Forget about the predictable and tedious advertising posters at bus shelters and on billboards. Instead, scan less prominent places in public space and notice that it is there that much more beautiful, exciting and important things are advertised. Artists, illustrators, photographers, musicians, bloggers, activists, small clothing lines and others promote themselves through sticker art – the most common form of street art.
Certainly not always, but often enough it proves worthwhile to look up on the internet the maker(s) of an eye-catching sticker. Doing so, you may find yourself pleasantly surprised by the phothography, music, art or recommended books and documentaries that you encounter and would otherwise never have learnt about.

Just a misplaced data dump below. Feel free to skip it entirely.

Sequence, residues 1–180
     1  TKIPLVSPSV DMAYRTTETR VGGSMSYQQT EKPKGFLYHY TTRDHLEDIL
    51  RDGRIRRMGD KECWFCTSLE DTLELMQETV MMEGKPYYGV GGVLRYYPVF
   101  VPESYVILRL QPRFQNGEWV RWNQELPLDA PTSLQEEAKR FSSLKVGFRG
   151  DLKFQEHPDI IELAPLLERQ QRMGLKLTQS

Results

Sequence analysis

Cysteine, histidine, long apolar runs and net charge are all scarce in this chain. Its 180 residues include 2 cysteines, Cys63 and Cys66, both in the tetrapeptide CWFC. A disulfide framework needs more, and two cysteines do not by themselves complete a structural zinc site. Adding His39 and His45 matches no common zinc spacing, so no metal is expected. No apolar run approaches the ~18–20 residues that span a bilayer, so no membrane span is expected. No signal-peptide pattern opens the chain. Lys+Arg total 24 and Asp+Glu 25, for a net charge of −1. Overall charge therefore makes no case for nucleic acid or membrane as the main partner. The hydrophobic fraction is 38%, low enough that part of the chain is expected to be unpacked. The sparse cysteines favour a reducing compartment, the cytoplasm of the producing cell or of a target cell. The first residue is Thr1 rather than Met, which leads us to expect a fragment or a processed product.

Some may argue that advertising (for something other than the street artist him or herself) can never classify as street art, but that I think is too firm a point of view (just leaving aside the overall commercialisation of the movement, manifested most clearly by murals commissioned by big consumer brands). As to what does or doesn’t classify as such, there’s no strict dividing line, but by no means all (advertising) stickers do. For that, to my mind, they should promote things that are underground or not widely known rather than mainstream, their designs should have a certain aesthetic quality or wittiness and in case that is lacking, content-wise they should be directly related to the street art scene. Below are examples of stickers (and a few stray paste ups) that have aroused my curiosity because I find them funny, pretty or intriguing. One is more street art than the other, to the extent it really matters anyway. Come to think of it, it’s one big ad for a whole range of other ads, but at the end of the day it’s quite simply also an overview of small-scale artistic expression found in basically every city.